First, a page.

Top 10 Myths About Copyright

The top 10 list of common myths about copyright law.

The area of intellectual property law is international, complex and important in our modern society. Copyright is often confused with other types of intellectual property rights such as trademarks and patents. Here is the top 10 myths about copyright.

1. Copyright Notice

It isn't true that you need a copyright notice on any work created. Most countries now adhere to the Berne Convention and therefore provide protection to works with a notice or not.

2. Copyright Office

Many people believe that in order to copyright something, it needs to be registered at the copyright office. This isn't true, copyright is given when it is in a tangible medium, e.g. sound recording or paper. If, however, you want to take action for copyright infringement, you must register the work at the copyright office.

3. Internet

The myth that everything on the internet is in the public domain and can therefore be copied is not true! Public domain doesn't mean that it is available to the public, it is when the copyright term of protection has ended.

4. Death!

Many believe the myth about copyright protection stopping when the author or creator dies, but this isn't true. In most countries, the term of copyright protection is usually for a number of years after the death of the author. Depending on the type of work copyrighted, this can currently range from 25 to 70 years after the death of the author.

5. Ideas!

The fact that you can copyright an idea is a myth! You can only copyright the expression of an idea, for example, if your idea was a romance novel, the expression would be to put that idea onto paper. You can't copyright an idea, it must be in some tangible form.

6. The Whole Thing!

Another myth is that you have to copy the whole of the work to infringe on any copyright. This simply isn't true, whilst you can copy protected works in some circumstances, e.g. review or educational purposes, copyright applies in whole or in part.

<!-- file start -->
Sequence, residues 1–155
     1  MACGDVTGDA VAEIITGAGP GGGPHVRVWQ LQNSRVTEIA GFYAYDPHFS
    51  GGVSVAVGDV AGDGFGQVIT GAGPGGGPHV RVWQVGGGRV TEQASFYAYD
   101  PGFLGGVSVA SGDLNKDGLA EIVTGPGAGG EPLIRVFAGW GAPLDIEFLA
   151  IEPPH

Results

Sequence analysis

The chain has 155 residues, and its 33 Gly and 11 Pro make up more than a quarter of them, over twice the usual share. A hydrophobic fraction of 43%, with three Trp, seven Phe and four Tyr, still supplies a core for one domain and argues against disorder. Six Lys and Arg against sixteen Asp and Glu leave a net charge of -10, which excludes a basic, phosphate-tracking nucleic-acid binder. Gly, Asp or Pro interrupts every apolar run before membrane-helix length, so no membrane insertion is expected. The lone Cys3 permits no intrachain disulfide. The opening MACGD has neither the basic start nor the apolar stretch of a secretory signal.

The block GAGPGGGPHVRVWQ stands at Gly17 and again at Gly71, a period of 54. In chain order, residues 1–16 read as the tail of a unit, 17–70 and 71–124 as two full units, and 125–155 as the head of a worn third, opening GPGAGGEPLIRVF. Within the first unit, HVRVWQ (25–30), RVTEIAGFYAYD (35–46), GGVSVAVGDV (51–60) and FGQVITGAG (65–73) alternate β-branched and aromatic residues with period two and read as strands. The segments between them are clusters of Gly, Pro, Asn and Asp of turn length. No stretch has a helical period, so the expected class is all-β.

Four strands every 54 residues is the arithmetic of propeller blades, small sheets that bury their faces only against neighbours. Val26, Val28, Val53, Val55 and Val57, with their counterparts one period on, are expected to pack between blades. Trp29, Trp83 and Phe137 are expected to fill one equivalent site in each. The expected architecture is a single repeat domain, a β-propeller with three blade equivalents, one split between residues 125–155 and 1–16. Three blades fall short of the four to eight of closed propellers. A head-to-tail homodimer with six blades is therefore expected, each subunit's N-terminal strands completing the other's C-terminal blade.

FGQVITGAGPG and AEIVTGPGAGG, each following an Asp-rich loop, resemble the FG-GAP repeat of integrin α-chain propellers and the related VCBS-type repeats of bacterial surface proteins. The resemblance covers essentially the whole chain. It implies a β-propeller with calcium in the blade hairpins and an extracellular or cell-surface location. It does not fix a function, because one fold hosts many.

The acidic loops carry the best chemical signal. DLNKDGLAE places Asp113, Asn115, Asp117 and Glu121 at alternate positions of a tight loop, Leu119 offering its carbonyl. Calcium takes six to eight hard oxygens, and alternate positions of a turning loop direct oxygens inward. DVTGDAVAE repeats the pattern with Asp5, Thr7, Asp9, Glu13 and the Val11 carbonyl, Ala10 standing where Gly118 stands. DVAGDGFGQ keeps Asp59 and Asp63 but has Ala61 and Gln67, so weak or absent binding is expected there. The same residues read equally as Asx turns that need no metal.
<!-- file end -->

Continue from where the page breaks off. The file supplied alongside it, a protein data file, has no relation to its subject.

7. Mailing it to myself!

A common myth to prove the date of creation is by mailing it to yourself, i.e. the poor man's copyright. The postal mark isn't a good indicator of the date of creation. It would be much better to publish the work somewhere or register at the copyright office.

8. Derivative works!

Another myth is to take the characters from one story and make your own new story. This is false and would be in breach of copyright as the author is entitled to the making of 'derivative works'.

9. If you didn't register you can't sue me!

This myth is false, you can register at any time in the length of time a copyright lasts, you only need to register to start proceedings and this can be done any time.

10. Quick Removal?

Another myth is that if, for example, you are told about a copyright infringement and immediately remove the offending piece, everything will be ok. This isn't true, you have still caused damage to the copyright holder and he is entitle to seek compensation in a court of law.

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Judith Barton
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Posted on Mar 1, 2011